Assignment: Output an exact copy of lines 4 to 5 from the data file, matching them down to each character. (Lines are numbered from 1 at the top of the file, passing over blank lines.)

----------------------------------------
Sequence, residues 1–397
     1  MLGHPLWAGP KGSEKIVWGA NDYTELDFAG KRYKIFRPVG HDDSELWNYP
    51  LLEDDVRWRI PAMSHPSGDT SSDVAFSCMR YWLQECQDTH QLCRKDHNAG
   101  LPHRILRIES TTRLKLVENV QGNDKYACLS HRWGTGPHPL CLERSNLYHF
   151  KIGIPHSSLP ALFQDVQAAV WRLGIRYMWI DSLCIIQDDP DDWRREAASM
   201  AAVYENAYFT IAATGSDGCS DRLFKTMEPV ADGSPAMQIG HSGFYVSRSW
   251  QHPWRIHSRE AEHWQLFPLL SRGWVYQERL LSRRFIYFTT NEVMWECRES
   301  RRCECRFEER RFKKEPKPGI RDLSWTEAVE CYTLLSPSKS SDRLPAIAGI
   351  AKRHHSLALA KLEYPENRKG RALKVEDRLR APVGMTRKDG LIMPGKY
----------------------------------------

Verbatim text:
   101  LPHRILRIES TTRLKLVENV QGNDKYACLS HRWGTGPHPL CLERSNLYHF
   151  KIGIPHSSLP ALFQDVQAAV WRLGIRYMWI DSLCIIQDDP DDWRREAASM